The term “synthetic” has always evoked sketchy connotations. Add cannabinoids to the mix, which are still a very novel and largely unexplored territory, and the waters are bound to only get muddier, especially from a legal standpoint. First, it’s important to note that synthetic cannabinoids fall in two very different categories.
“Natural” Synthetic Cannabinoids
The first one is comprised of compounds that are the synthetic versions of cannabinoids that still occur naturally in cannabis, but usually only in trace amounts, which makes extracting them for business purposes largely unfeasible.
So, as an alternative, manufacturers derive these cannabinoids synthetically from other natural cannabinoids that can be fond in larger quantities.
The most well-known example, is Delta-8-THC. Even though it is present naturally in cannabis, most Delta-8-THC products on the market are synthesized from CBD or another cannabinoids for the aforementioned business reasons.
Even though synthetic Delta-8THC is still hemp-derived and should be legal under the 2018 Farm Bill, DEA’s amendment deems synthetically derived Delta-8-THC as illegal.
Moreover, the Federal Analog Act (FAA) doubles down on this, which treats all synthetically derived THCs and/or compounds that are “substantially similar” to federally illegal drugs illegal as well.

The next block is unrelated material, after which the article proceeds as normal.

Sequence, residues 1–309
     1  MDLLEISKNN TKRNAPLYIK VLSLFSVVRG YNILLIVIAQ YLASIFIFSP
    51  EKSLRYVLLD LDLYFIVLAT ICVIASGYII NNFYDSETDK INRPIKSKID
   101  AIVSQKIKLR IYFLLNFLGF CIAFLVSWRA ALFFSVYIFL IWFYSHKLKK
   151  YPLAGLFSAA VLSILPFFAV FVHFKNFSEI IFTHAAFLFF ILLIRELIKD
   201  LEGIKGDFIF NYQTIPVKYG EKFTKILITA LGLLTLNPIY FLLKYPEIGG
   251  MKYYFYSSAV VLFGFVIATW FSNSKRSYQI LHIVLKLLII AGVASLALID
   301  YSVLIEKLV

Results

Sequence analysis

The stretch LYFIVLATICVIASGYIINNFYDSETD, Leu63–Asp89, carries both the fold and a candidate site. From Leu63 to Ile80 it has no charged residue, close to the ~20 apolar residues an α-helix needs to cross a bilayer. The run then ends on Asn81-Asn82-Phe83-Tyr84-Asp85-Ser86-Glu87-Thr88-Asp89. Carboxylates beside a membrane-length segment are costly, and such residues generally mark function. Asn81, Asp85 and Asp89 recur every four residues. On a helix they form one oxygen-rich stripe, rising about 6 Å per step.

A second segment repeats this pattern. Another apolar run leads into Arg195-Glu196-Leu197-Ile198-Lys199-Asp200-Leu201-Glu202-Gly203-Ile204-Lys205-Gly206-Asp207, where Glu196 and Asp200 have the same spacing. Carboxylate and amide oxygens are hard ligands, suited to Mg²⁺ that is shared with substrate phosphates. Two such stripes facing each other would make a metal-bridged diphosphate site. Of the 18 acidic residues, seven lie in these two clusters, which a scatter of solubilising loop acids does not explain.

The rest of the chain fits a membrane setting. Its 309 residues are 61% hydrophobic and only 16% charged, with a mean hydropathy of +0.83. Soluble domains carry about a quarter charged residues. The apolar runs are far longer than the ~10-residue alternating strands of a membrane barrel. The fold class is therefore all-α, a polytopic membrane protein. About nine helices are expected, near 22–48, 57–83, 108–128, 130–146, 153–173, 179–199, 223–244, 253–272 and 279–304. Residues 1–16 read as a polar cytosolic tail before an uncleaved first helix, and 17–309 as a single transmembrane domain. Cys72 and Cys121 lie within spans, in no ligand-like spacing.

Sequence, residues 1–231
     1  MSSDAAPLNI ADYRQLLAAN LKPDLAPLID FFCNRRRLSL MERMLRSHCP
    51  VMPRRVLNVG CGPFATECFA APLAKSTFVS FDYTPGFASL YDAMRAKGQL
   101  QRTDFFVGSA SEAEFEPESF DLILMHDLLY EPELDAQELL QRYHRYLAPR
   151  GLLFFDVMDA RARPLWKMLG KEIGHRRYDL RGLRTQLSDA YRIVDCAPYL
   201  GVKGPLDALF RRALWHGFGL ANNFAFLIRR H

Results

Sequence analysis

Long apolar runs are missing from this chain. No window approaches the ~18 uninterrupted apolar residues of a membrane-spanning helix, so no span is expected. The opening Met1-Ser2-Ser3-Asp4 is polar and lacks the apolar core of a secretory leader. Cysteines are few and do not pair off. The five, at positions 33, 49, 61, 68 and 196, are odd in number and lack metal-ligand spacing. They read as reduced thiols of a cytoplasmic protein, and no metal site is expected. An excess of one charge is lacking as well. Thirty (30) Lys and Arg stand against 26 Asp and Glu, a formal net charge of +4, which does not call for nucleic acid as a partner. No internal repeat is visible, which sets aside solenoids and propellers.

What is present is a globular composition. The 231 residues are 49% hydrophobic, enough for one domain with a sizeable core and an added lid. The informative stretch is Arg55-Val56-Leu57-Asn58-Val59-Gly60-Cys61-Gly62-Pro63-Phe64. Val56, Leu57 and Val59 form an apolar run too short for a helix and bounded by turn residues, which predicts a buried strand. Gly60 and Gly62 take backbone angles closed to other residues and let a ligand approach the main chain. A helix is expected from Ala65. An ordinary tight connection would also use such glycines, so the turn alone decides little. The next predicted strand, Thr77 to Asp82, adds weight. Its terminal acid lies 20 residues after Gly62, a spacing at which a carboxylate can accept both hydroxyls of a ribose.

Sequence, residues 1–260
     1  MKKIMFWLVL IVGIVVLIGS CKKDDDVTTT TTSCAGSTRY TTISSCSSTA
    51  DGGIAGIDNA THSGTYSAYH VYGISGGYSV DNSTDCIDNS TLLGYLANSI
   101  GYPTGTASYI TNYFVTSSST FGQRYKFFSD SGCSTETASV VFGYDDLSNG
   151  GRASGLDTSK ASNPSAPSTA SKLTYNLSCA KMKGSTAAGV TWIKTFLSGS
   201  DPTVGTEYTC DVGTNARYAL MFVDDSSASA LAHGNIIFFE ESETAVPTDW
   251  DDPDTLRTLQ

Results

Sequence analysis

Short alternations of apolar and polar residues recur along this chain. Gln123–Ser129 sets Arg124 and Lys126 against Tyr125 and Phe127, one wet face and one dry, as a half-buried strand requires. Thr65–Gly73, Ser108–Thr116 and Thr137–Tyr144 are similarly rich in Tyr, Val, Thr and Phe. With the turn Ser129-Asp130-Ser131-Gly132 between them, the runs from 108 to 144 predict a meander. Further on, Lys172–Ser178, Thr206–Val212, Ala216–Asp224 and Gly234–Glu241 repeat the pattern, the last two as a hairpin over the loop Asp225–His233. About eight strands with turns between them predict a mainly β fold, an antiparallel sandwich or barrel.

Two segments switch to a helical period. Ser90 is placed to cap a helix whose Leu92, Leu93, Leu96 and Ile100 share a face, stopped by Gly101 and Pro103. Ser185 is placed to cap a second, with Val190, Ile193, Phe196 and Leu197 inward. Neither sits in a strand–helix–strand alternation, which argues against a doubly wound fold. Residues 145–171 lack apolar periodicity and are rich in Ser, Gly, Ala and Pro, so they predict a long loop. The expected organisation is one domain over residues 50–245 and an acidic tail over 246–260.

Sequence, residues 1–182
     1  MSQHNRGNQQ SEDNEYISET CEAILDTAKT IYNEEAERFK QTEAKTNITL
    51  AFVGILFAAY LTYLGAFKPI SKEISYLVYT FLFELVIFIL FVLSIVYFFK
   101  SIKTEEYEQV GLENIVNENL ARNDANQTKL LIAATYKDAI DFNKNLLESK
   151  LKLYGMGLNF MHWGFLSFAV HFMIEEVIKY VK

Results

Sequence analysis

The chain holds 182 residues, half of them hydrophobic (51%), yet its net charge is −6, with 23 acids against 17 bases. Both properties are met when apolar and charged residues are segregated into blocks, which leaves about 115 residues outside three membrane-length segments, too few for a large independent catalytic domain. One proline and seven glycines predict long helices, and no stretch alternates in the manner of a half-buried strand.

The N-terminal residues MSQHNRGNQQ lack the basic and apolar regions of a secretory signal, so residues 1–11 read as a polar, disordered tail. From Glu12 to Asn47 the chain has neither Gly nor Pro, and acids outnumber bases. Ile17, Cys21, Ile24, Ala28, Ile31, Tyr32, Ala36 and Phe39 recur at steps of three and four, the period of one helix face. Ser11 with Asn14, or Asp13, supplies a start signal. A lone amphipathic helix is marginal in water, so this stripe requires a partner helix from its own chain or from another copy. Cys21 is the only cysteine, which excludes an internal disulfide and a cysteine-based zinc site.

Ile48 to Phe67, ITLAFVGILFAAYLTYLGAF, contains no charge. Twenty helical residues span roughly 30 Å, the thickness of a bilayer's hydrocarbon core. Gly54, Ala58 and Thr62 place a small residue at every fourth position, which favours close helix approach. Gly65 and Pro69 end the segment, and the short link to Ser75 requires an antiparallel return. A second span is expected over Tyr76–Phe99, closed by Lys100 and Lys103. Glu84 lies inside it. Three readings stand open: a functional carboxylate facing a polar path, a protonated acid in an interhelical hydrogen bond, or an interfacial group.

Nonetheless, the Delta-8-THC and Delta-10-THC markets are going strong, which begs the question how trusted are to be manufacturers that aren’t fazed by the law.
Purely Synthetic Cannabinoids
Even though they may activate the same receptors as natural cannabinoids, this category is as synthetic and unnatural as it gets. Synthetic cannabinoids can interact with the endocannabinoid system and some have been developed in the attempt of enhancing the effects of natural cannabinoids.
If “natural” synthetic cannabinoids are the equivalent of a robot that develops feelings and consciousness and is virtually indistinguishable from humans, this category is Mr. Anderson from the Matrix.
Such synthetic cannabinoids include WH-018, JWH-073 and CP47, 497-C6  which are the active ingredients of products like K2, Spice, Mr. Happy, Scooby Snax, and Kronic.
They came to prominence in the 2010s as “legal high”. Now, its legal status is murky and varies arounds different states and countries. The frantic rates at which such they sprout up and their different and seemingly infinite configurations make it hard for testing and regulatory bodies to keep up.
What is for sure is that this category poses serious health risks, even based on their strength alone that can be ridiculously high compared to regular THC and enough to turn them into a completely different drug. Toxicity and contaminants due to the lack of regulations is a whole different issue.
So in short, not all synthetic cannabinoids are made equal.
 Atwood BK. et al. CP47,497-C8 and JWH073, commonly found in ‘Spice’ herbal blends, are potent and efficacious CB(1) cannabinoid receptor agonists. Eur J Pharmacol. (2011); 659(2-3):139-145. doi:10.1016/j.ejphar.2011.01.066 [Journal Impact Factor = 4.96] [Times cited = 139]
Petar is a freelance writer and copywriter, covering culture, art, society, and anything in-between that makes for a nice story. And as it so happens, cannabis is a great element to add to each of those conversations.